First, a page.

The Atikka coin system emerged in the middle of the 6th century B.C.This coin system was immediately adopted by the city-states, especially under the influence of Athens, and continued its effectiveness in all Hellenic, Ephesus, and Ionian cities, as well as in Anatolia, until the Roman period.
Hellenic Coins in Ephesus
1 Talent = 26,196 kg
1 Mina = 436,6 gr
1 Decadrachm = 43,6 gr
1 Tetradrachm = 17,6 gr
1 Didrachm = 8,73 gr
1 Drachm = 4,36 gr
1 Tetrobol =2,91 gr
1 Triobol = 2,18 gr
1 Diobol = 1,45 gr
1 Obol = 0,73 gr
1 Tritartemorion = 0,55 gr
1 Tetartemorion = 0,18 gr
The most common currency used in Ephesus was the drachm, and smaller currencies than the drachm were also used.
After the Hellenic system, Alexander the Great and his generals used the Macedonian system in the Ephesus city economy. The generals are still alive when these coins are used.
In this system, the main currency is the drachm, whose weight is 4.3 gr, and the weight of the tetradrachm is 16.1 gr.
Apart from these systems, the Lydian system, the Miletos system, and the Phoenician system were also used in the economy of Ephesus, albeit a little. However, these coins did not attract much attention.
Prices, fees, and purchasing in Ephesus
B.C. As a result of the colonization movements that started in 1200 and lasted until the 7th century BC, city-states (polis) were formed both in Helena, Italy, and Anatolia. These states consisted of a single city. Like the city of Ephesus, the people of the city cultivated the lands around the city, operated the mines close to the city, raised animals, and made their living by trade.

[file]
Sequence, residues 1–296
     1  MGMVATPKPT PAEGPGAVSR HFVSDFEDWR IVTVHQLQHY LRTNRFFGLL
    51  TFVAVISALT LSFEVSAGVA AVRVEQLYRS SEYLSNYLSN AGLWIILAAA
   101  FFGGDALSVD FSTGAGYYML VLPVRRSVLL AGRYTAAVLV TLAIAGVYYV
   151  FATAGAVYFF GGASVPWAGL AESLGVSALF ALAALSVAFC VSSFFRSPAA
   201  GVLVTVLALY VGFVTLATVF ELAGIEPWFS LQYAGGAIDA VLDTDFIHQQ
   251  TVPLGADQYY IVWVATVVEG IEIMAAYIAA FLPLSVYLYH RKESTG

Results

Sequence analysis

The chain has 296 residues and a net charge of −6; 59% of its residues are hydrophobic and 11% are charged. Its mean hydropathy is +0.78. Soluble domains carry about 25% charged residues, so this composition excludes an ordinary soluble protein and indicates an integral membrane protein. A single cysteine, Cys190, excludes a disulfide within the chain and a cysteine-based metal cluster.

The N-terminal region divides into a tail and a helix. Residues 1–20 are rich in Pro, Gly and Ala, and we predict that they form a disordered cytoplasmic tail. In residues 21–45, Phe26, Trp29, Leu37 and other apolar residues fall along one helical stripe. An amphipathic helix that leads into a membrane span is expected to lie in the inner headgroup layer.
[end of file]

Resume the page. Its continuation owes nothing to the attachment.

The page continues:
The city of Ephesus governed itself with the rulers they elected, their own laws, and their own coins. In short, we can say that the city of Ephesus is an autonomous city. The meaning of the word comes from the Greek meaning of “self” (auto) and “rule-making (nomos).
However, BC. In the period from the middle of the 6th century until the end of the Hellenistic period, the autonomy of the city administration of Ephesus was limited from time to time, both during the Persian domination, the effectiveness of the Attica Delos Marine Union established in 478/477 BC, and the rule of Alexander the Great and his commanders (the Diadochi).
The city of Ephesus paid taxes to the sovereign powers. When the domination of the sovereign powers came to an end, the city of Ephesus regained its economic freedom. The event continued in this way until the Roman period. In the Roman period, the city of Ephesus was connected to the Asian province of Rome.
The economy of the city of Ephesus was indirectly dependent on the decisions of the Roman emperors and the Roman senate.
During the Hellenistic period, the city of Ephesus could be economically divided into three groups.
1. Employees: For example, doctors, teachers, soldiers, architects, sculptors, and musicians
2. Self-employed: These include landowners, artisans, sellers, farmers, and animal owners.
In the early days, grain production and livestock were the basis of economic life in Ephesus. Ceramics, weaving, and maritime transport were influential in later periods. Those who work and those who produce have always been glorified by philosophers, and those who earn without working have been looked down upon.
Those who were unemployed from time to time in the agricultural sector and could not earn enough money for their living were called Thetes. Those who were handicraftsmen or artisans but could not earn enough money were called Banausoi, who were generally poor people who were unable to do their jobs due to disability or work accidents.